Right-wingers will find plenty here to support their glowing view of the Bush administration. One of the best things about the book is that Plan of Attack gives readers an insight into the main personalities—Rumsfeld, Cheney, Rice, Wolfowitz, Powell, the president himself—and how they behave once the television cameras are turned off. Contrary to left-wing caricatures, most of the members of the Bush administration, including Bush himself, come off as thoughtful people genuinely concerned with doing what they can to secure our nation. This is always their main worry, even above and beyond the obvious financial benefits that come with invading a country with the second-largest established oil reserves in the world.
The president in particular seems more alert and probing than might be expected, although he certainly isn't detail-oriented—to put it lightly—and he seems to have a deep psychological fear that others won't perceive him as a manly man of action. Even so, if Plan of Attack is to be believed, it's definitely Bush, and not Cheney, who calls the shots behind the scenes at the White House.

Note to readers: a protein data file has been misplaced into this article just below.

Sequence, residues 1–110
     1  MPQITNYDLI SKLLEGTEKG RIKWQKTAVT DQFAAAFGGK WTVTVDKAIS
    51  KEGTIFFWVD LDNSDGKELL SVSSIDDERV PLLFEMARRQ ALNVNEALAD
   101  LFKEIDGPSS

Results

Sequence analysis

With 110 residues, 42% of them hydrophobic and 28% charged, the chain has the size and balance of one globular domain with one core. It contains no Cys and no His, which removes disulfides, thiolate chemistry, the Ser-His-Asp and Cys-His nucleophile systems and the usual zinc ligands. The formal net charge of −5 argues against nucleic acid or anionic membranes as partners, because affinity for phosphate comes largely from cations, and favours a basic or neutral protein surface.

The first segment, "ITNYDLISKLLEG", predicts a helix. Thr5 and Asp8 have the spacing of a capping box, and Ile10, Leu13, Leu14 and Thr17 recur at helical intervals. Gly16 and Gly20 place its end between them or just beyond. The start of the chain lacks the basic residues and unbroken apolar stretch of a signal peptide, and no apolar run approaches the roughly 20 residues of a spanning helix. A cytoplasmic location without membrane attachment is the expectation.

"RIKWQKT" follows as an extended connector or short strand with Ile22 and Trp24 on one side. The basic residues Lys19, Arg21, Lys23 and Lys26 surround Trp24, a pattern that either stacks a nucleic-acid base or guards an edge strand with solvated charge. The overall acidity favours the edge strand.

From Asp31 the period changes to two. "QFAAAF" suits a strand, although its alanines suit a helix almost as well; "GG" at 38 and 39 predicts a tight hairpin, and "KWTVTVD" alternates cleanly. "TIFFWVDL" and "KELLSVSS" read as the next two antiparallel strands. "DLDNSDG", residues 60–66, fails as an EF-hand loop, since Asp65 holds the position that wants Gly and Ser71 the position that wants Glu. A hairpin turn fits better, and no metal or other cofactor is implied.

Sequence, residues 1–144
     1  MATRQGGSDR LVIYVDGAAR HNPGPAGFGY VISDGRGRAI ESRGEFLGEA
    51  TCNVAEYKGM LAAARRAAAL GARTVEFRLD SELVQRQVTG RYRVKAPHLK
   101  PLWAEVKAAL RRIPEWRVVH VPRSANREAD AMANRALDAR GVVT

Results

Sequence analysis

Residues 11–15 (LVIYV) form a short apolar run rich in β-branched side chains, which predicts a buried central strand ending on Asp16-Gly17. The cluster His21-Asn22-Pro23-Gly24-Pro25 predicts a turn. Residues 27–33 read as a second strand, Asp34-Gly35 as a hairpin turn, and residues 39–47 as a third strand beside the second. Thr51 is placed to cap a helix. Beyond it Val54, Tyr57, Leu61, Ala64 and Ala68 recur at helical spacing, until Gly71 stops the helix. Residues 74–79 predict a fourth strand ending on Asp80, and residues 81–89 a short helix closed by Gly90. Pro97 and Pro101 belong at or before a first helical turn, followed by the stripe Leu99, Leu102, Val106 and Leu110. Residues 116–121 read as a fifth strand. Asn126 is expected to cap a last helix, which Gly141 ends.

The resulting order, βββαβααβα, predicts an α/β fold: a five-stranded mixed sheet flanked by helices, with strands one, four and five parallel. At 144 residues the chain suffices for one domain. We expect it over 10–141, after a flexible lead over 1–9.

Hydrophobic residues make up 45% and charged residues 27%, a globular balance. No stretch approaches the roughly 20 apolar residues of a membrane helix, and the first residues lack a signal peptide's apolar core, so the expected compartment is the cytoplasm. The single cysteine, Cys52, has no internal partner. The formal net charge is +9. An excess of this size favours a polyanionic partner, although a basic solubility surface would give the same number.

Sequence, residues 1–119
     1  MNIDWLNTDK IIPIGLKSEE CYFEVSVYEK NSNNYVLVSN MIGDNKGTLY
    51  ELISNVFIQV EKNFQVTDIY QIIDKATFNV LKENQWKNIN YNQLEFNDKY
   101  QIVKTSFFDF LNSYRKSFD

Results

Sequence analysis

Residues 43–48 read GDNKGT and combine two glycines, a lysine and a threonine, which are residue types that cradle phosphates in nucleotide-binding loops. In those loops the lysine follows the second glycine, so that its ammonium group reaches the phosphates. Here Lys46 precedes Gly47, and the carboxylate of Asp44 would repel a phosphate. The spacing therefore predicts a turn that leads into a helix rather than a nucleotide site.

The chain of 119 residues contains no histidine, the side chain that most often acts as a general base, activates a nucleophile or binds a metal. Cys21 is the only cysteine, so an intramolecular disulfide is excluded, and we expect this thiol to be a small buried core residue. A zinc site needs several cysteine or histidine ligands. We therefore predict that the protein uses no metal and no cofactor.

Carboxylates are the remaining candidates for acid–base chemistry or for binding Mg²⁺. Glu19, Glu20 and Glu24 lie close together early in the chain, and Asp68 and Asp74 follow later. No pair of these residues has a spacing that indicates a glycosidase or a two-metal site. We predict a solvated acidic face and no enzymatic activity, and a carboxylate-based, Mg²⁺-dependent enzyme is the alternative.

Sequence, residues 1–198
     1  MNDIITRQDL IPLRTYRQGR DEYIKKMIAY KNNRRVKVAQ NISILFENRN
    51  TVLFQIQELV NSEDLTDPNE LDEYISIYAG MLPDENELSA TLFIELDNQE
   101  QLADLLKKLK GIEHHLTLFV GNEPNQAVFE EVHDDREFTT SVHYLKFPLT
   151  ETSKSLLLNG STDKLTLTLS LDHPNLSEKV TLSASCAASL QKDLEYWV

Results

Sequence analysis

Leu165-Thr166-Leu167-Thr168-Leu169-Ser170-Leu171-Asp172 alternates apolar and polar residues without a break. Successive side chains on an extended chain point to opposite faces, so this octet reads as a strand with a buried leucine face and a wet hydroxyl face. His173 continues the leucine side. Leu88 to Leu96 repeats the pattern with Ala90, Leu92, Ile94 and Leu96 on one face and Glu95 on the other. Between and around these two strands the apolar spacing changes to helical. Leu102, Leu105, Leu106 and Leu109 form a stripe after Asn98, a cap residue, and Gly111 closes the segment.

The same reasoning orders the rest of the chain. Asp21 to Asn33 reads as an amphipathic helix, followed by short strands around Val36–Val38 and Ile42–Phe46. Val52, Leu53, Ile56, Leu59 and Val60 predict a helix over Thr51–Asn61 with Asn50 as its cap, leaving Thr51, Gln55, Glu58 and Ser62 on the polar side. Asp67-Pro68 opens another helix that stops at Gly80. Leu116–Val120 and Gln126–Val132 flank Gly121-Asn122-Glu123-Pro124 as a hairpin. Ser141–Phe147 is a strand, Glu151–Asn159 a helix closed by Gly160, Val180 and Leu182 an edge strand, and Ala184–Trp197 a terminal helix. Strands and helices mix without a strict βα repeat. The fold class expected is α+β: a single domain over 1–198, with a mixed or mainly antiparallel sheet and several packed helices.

As many reviewers have noted, however, Plan of Attack is a much less convincing vehicle for the glorification of George W. Bush than Woodward's previous book, Bush at War. For one thing, the book reveals that the administration was formulating plans to invade Iraq long before they publicly admitted to it. When President Bush, for example, claimed in the media that he didn't have any plans for attacking Iraq “on my desk,” he may have technically been telling the truth, but in a practical sense, he was lying through his teeth. The plans weren't physically on his desk (the president apparently keeps a very clean desk), but Gen. Tommy Franks had already created updated war plans for Iraq at the president's request.